Researchers Use Cryo-Em to Discover New Regulation of Protein Production on Cells Under Oxidative Stress

Researchers Use Cryo-Em to Discover New Regulation of Protein Production on Cells Under Oxidative Stress

The human body is constantly responding to oxidative stressors. If these stressors, such as pollution, infection, microorganisms, smoking, and even our diet, aren’t controlled cellular damage can occur leading to cancer, neurodegenerative diseases, and aging. As this battle rages within our bodies, cells reprogram translation, shutting down the production of major housekeeping proteins. This helps conserves energy and resources so cells can produce anti-oxidant proteins to combat the stressor’s harmful effects. It’s a never-ending cycle the body repeats to regain homeostasis.  

It was previously thought that in order to cease stress-induced protein production, only one mechanism of inhibition at the initiation stage was sufficient. However, roughly 15 years ago, scientists realized there might be something more beyond initiation—they just didn’t know what it was.

Now, findings from an international cooperation between Duke University and several US and European Institutes* has provided the first evidence of a new mechanism involving K63 ubiquitination of ribosomes that represses protein production during the elongation stage, and is essential in combatting oxidative stress.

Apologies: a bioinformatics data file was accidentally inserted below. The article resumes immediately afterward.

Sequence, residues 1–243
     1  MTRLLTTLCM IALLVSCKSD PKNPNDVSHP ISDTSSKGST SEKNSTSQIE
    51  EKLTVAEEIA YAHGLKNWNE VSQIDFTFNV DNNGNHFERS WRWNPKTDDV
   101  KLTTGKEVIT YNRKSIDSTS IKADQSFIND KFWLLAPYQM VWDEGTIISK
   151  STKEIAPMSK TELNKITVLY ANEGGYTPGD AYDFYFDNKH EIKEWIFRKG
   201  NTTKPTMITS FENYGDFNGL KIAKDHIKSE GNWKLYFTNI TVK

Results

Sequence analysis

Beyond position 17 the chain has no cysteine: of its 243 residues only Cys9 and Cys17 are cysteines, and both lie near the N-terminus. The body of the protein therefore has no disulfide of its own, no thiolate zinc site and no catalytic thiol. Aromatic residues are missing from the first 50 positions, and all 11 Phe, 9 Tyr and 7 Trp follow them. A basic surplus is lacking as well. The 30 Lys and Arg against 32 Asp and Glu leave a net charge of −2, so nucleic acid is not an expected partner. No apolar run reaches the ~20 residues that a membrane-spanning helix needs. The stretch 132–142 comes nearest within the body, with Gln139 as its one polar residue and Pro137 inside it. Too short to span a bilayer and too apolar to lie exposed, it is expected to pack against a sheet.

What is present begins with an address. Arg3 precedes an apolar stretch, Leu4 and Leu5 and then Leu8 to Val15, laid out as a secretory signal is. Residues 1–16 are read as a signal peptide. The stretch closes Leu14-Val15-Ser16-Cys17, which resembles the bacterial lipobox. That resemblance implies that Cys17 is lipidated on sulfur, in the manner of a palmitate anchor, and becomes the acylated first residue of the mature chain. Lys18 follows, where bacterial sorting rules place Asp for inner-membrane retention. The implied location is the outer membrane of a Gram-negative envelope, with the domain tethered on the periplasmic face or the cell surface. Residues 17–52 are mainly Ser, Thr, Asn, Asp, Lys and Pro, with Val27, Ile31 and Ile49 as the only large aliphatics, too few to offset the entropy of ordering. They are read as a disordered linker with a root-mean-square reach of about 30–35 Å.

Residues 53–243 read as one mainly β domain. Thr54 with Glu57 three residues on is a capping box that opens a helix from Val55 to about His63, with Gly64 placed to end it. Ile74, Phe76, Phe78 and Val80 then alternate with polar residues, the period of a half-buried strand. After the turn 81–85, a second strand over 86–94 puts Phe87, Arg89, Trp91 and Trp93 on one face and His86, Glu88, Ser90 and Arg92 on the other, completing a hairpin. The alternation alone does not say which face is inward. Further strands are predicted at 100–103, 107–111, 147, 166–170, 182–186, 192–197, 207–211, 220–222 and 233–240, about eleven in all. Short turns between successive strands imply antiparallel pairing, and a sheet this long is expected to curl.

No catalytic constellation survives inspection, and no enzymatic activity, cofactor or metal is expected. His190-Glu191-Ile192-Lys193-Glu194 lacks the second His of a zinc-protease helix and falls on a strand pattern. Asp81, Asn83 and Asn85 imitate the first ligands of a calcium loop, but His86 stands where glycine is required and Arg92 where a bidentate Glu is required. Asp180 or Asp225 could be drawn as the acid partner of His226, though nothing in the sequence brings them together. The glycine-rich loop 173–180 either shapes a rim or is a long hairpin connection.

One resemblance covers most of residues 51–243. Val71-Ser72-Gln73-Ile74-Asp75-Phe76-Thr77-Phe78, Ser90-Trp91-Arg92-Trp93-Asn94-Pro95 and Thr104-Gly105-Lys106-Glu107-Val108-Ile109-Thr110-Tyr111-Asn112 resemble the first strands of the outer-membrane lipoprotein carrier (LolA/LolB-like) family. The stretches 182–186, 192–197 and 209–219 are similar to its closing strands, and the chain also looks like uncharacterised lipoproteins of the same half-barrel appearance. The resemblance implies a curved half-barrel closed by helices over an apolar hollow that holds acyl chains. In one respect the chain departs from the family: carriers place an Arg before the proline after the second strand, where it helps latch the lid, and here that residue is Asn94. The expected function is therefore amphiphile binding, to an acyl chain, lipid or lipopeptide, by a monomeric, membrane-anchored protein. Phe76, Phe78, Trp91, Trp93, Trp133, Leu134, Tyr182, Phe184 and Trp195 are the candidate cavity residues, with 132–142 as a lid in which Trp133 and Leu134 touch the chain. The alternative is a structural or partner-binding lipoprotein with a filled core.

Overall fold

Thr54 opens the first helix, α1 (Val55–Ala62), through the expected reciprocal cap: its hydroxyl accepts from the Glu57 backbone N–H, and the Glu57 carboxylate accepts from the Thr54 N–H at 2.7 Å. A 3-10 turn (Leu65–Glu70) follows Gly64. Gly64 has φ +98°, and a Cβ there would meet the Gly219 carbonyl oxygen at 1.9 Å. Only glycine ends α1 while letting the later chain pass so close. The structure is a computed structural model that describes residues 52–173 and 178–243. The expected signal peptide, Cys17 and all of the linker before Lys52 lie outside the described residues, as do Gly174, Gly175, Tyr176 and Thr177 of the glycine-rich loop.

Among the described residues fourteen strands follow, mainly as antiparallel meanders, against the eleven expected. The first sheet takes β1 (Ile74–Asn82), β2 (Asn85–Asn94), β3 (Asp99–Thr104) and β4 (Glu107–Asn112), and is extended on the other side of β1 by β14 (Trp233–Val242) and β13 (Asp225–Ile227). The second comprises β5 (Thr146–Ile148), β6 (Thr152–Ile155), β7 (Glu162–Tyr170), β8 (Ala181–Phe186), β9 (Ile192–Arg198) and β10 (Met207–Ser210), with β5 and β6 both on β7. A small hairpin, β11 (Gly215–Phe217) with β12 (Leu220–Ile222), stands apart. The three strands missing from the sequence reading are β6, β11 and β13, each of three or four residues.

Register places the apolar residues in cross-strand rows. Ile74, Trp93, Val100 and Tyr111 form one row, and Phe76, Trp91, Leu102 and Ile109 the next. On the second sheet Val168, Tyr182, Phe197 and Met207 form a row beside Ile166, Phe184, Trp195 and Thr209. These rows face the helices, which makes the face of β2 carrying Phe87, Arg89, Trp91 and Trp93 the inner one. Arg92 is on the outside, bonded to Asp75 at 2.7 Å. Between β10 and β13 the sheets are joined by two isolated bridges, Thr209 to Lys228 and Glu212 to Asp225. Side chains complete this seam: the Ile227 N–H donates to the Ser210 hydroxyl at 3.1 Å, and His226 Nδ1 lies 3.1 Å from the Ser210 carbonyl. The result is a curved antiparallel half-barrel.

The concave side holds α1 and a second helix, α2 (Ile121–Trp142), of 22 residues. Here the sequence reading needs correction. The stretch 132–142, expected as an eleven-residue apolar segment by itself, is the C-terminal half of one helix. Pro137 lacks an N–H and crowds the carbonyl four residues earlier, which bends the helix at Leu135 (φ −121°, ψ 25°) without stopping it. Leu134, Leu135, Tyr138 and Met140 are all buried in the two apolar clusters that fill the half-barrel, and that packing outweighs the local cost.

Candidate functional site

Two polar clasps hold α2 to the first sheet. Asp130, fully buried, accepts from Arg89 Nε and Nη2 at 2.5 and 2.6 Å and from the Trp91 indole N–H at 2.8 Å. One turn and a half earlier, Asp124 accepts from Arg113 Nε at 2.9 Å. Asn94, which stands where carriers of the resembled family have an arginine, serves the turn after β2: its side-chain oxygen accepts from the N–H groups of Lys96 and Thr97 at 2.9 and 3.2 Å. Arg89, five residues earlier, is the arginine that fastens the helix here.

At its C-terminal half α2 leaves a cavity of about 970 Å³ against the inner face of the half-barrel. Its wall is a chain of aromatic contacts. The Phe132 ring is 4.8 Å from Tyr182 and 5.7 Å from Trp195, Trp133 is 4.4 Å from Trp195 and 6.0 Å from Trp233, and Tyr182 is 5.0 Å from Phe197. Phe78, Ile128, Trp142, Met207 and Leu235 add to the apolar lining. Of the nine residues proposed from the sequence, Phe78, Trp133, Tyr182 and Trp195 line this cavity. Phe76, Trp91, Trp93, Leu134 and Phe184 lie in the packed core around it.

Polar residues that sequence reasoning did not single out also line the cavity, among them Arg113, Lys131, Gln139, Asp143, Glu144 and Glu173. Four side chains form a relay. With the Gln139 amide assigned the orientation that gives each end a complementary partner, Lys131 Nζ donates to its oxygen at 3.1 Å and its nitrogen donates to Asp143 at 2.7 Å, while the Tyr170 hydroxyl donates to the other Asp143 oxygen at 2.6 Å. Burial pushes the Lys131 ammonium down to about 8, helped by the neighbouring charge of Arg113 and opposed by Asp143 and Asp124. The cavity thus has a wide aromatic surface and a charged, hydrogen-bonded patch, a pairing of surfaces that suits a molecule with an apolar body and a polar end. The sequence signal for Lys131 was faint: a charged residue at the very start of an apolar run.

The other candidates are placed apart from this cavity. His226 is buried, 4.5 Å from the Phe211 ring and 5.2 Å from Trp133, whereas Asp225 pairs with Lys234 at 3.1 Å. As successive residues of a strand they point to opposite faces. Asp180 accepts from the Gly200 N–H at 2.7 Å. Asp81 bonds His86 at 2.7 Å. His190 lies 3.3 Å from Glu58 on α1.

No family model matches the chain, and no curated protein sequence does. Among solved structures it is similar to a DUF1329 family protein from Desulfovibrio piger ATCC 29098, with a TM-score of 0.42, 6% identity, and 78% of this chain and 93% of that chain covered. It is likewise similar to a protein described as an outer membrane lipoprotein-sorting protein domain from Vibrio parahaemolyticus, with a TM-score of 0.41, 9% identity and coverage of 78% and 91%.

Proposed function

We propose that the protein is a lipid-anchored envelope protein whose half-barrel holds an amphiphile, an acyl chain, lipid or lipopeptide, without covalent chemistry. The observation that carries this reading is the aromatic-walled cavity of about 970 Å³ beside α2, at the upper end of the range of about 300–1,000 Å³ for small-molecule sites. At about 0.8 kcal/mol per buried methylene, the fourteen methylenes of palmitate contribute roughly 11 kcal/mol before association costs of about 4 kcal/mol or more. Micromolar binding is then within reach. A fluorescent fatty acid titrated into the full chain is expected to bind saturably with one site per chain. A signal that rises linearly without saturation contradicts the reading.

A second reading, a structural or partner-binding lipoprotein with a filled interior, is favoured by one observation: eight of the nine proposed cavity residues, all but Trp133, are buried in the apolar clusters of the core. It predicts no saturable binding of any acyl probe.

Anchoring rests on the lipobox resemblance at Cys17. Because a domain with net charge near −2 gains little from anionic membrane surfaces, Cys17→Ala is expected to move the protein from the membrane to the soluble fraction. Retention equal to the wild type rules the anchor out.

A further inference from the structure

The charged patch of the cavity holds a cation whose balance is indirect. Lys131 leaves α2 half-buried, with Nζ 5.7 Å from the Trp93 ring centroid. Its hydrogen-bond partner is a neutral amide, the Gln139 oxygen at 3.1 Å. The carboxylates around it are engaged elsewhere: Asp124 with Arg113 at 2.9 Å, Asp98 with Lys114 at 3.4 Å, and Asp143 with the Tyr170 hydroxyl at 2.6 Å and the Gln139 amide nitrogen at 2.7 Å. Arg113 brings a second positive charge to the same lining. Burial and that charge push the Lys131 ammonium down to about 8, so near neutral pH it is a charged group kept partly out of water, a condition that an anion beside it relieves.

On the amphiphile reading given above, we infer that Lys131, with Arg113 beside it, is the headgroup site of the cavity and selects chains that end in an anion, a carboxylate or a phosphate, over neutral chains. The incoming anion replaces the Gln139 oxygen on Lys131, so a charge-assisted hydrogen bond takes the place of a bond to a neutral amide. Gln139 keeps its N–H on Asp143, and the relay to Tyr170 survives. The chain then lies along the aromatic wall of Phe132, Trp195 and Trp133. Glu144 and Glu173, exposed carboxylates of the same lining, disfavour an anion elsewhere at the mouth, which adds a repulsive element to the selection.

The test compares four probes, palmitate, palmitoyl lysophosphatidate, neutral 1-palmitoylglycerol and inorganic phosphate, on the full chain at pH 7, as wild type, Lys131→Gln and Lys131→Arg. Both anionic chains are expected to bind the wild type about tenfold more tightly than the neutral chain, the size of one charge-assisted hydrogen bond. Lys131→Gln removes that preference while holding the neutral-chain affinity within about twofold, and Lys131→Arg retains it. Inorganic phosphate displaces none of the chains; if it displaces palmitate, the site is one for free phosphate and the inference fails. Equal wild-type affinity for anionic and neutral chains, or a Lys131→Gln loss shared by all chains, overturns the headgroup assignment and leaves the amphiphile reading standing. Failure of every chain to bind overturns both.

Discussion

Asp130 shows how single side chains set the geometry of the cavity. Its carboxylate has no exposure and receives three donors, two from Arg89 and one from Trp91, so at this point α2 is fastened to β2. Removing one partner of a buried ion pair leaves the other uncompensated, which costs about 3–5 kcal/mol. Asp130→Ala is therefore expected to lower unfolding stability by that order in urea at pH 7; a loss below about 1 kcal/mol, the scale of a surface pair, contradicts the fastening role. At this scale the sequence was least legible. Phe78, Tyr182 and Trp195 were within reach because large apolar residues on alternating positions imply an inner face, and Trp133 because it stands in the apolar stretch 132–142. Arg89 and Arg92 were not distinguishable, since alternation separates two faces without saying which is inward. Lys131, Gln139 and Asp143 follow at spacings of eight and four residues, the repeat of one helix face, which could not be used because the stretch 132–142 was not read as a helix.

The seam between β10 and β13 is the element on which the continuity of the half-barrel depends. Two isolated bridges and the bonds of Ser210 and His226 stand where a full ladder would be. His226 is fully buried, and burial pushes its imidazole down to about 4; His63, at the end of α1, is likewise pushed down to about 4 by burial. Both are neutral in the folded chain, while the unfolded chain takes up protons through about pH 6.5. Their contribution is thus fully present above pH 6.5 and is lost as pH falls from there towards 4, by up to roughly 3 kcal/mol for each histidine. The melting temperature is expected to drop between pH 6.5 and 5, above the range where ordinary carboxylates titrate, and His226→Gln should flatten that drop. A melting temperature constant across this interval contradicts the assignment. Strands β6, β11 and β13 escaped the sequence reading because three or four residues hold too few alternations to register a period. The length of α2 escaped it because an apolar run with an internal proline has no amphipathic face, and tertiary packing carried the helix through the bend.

Using budding yeast as a model, Gustavo Silva, PhD, of Duke Biology worked closely with Duke Biochemistry’s Alberto Bartesaghi, PhD, leveraging his team’s cryo-EM image and computational expertise to solve the molecular structure of ribosomes under stress at an unprecedented level of detail. Cryo-EM allowed purification of the ribosomes computationally rather than biochemically and allowed researchers to take snapshots at multiple states of translation—piecing them together to reveal how cells react under stress.

The fact that Silva and Bartesaghi were at the same university helped accelerate the process. Bartesaghi’s postdoc and first author of the manuscript, Ye Zhou, analyzed the images collected at the Shared Materials Instrumentation Facility using high-performance computing resources provided by Duke Research Computing, and met weekly with the two researchers to interpret the final 3D structures.

It took the combination of multiple labs and cryo-EM to find the missing link. The next step is to understand the function of ubiquitinated ribosome subpopulations which could establish ubiquitin as a master regulator of protein production. Silva’s lab is now using human cells as a model, which in combination with techniques for visualizing proteins at atomic resolution developed in Bartesaghi’s lab, will bring us one step closer to developing drugs that regulate protein production, increase cell health, and can be used to prevent cancer, neurodegenerative diseases, or just slow down the aging process.

Read more about this research in the latest issue of PNAS

*This research was done in collaboration with the National Institute of Environmental Health Sciences (NIH); Center for Genomics and Systems Biology (NYU); Martin Luther University Halle-Wittenberg; Halle/Saale, Germany, Max-Planck Institute of Biochemistry; European Molecular Biology; Bijvoet Center for Biomolecular Research